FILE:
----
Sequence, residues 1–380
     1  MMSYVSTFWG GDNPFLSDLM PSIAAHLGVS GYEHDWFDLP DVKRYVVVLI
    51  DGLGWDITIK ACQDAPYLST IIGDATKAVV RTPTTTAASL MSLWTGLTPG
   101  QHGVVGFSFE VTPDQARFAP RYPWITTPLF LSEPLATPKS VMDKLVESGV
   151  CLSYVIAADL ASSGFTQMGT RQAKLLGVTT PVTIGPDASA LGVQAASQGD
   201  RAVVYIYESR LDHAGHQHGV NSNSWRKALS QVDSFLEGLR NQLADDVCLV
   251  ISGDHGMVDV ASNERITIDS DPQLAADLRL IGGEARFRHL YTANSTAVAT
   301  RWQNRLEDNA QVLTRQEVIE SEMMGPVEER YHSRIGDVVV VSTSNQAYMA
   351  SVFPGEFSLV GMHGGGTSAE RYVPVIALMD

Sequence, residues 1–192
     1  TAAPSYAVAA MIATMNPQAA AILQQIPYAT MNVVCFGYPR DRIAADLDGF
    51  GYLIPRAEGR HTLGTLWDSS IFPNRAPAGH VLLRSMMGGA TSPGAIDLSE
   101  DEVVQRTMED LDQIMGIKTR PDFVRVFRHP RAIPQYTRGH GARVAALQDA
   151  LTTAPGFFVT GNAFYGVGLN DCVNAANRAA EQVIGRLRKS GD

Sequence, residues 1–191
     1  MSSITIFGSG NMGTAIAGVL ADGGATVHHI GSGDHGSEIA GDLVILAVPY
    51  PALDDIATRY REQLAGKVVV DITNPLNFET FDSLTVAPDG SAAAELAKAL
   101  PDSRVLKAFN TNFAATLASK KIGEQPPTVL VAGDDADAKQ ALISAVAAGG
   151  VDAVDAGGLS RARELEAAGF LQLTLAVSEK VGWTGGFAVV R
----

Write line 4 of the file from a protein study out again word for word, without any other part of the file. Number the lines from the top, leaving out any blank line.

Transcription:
   101  QHGVVGFSFE VTPDQARFAP RYPWITTPLF LSEPLATPKS VMDKLVESGV